'Just the Wind' Takes Top Prize at Paris Cinema Festival
Bence Fliegauf’s Hungarian drama won the Jury Prize, and "A Simple Life" from Hong Kong auteur Ann Hui was also a big winner as the festival wrapped Monday night.
PARIS -- Bence Fliegauf’s Just the Wind swept through the competition at the Paris Cinema Festival, taking the top jury prize Monday night.
The lights went down on the City of Lights’ annual ode to France’s “7th art” form after nearly two weeks of movie premieres, talent visits and a tribute to Hong Kong’s film industry in partnership with the Hong Kong International Film Festival.
The event featured appearances from an eclectic mix of talent from all over the world, including Kylie Minogue, Johnnie To, Olivier Assayas, Michel Gondry, Juliette Binoche and Melvil Poupaud, for its 10th birthday celebration.
The fest wrapped Monday with the ceremony and a screening of closing-night film Cecelia Rouaud’s Je Me Suis Fait Tout Petit complete with an appearance from the film’s cast, including Vanessa Paradis.
Ann Hui’s Hong Kong title A Simple Life won both the audience award and the students prize. Distribution Workshop is handling international sales for the film, which is still looking for a French distributor.
Just the Wind will hit Gallic theaters in March via Sophie Dulac Distribution. The drama based on the true story of a series of racist attacks in Hungary screened at this year’s Berlinale, where it won the Amnesty Prize.
The bloggers and web award went to Miguel Gomes’ Tabou, and the Numericable prize awarded by subscribers to France’s telecom service went to Kim Nguyen’s Canadian title Rebelle. The winning films will be screened again for audiences on Tuesday at the MK2 Bibliotheque.
“The partnership turned out very well,” the Hong Kong International Film Festival Society’s executive director Roger Garcia told The Hollywood Reporter of the strong Hong Kong presence at the fest’s 12-day 10th birthday bash. “In particular, we were happy that Paris Cinema is a community and city-based film festival so that Hong Kong films were reaching the general public and not just a festival audience. Many Hong Kong films are made for populist audiences, so it's great to see these films reach a Parisian public.”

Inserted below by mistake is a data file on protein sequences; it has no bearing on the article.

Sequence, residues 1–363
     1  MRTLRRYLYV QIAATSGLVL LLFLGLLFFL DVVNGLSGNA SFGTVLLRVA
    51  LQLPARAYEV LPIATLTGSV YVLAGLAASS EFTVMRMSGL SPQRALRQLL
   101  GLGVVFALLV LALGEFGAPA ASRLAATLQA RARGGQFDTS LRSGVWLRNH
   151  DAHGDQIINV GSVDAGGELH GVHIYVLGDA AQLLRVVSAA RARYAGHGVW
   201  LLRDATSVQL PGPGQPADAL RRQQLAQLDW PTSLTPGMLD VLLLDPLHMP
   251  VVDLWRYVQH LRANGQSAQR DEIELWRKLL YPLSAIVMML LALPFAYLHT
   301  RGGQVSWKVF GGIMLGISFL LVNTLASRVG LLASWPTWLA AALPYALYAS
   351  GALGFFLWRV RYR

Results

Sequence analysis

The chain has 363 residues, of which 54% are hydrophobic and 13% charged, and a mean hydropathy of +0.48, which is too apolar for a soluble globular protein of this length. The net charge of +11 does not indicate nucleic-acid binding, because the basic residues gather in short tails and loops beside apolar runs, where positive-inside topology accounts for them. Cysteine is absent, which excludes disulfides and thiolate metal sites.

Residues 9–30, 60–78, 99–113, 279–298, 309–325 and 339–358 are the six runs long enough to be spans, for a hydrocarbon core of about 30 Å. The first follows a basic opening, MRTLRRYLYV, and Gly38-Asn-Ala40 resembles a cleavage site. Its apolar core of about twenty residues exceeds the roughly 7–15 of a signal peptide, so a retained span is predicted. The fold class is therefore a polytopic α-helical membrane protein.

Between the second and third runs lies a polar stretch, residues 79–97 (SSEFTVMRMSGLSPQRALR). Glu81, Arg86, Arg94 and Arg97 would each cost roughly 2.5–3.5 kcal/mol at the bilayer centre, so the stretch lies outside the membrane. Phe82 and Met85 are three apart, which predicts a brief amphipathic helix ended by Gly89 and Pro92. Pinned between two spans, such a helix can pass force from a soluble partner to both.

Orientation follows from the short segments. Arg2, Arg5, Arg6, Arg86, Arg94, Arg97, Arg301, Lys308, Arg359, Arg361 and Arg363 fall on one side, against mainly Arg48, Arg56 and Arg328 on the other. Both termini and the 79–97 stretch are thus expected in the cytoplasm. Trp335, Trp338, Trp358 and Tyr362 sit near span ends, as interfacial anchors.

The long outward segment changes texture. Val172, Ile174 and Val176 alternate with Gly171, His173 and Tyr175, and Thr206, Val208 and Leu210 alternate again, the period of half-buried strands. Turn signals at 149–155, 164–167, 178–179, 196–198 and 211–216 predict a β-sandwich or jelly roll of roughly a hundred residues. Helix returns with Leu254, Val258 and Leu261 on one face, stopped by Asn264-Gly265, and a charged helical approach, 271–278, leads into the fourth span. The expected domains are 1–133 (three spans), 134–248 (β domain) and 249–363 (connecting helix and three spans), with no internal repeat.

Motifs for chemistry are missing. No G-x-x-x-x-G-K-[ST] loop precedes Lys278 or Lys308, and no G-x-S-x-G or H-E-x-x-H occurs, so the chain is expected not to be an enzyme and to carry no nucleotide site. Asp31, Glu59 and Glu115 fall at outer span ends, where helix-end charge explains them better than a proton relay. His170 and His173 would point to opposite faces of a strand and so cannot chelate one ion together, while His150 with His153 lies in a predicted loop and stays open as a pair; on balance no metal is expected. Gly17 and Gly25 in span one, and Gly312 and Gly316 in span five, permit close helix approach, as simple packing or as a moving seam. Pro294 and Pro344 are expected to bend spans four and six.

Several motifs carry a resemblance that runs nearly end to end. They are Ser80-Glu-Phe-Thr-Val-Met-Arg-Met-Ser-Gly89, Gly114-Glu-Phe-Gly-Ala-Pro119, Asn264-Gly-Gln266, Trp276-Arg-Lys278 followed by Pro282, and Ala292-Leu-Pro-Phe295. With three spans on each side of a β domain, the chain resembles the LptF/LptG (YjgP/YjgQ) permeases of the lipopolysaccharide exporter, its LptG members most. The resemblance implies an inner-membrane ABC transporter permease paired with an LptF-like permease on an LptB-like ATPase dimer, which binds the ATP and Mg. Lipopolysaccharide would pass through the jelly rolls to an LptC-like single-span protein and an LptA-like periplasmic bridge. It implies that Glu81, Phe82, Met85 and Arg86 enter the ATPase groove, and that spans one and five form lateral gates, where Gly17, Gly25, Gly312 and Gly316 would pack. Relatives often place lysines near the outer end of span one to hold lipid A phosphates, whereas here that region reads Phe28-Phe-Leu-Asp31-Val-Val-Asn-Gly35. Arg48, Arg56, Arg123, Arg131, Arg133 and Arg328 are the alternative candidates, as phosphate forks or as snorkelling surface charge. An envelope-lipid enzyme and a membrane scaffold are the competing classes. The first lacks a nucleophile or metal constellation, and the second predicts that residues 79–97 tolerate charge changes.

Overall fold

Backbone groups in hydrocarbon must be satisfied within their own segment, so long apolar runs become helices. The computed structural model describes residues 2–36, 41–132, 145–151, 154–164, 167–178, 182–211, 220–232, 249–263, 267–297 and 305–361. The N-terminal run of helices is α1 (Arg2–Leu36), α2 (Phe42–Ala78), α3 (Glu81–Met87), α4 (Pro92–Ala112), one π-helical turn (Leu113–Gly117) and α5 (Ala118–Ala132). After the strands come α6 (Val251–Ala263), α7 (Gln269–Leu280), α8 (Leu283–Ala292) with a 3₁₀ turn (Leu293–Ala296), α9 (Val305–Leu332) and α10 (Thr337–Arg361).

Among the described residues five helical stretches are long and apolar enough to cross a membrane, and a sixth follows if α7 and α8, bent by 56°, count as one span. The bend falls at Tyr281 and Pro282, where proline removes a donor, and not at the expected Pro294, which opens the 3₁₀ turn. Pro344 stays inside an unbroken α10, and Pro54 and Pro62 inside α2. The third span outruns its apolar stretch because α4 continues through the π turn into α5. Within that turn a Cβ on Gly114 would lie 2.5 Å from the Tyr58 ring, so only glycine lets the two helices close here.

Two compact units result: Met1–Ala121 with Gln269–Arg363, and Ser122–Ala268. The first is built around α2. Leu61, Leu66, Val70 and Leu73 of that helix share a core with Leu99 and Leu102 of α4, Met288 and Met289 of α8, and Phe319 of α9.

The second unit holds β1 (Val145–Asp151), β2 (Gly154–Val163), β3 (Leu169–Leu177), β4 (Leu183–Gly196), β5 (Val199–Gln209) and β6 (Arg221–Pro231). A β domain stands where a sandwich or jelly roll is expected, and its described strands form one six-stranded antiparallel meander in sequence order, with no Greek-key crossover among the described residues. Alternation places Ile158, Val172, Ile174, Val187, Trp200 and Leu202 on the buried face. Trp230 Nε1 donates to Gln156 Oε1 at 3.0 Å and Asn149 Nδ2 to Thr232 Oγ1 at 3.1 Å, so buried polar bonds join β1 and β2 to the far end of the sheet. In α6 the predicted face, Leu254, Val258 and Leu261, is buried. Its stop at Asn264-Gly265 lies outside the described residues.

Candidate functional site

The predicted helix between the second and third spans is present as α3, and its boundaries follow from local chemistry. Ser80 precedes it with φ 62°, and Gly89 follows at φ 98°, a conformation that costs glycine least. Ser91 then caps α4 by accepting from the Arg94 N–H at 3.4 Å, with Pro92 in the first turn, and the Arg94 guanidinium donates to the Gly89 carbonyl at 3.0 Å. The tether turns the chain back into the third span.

The tribute to Hong Kong included master classes from To and Yuen Wo Ping, a visit from Hong Kong New Wave director Allen Fong and a retrospective of Assayas’ work. A special “Hong Kong Night” on July 3 brought fest president Charlotte Rampling, Assayas, To and the rest of the Hong Kong delegation out for a soirée at Paris’ luxe Shangri-la hotel to celebrate the big-screen love affair between the two countries.
The relationship will continue via two project markets, Paris Project and the Hong Kong Asia Film Financing Forum. “This partnership is ongoing,” Garcia confirmed. While no plans to rekindle the flame have been set, Garcia said: “Having established this relationship and also the interest and enthusiasm for Hong Kong cinema, I hope that we can consider future collaboration.”
For Garcia, the collaboration was a natural one.
“I think in both industries, the directors command respect both in terms of getting a movie made and as auteurs,” he said of the French film business and Hong Kong’s movie industry, adding: “And both industries do have regard for the bigger picture -- in France films are made obviously for local audiences but also for export perhaps to Europe and in the exceptional cases to the U.S. In Hong Kong our industry has an important commercial regard for the mainland China market which is important, as well as international markets.”
The Paris Cinema Festival ran from June 29-July 10.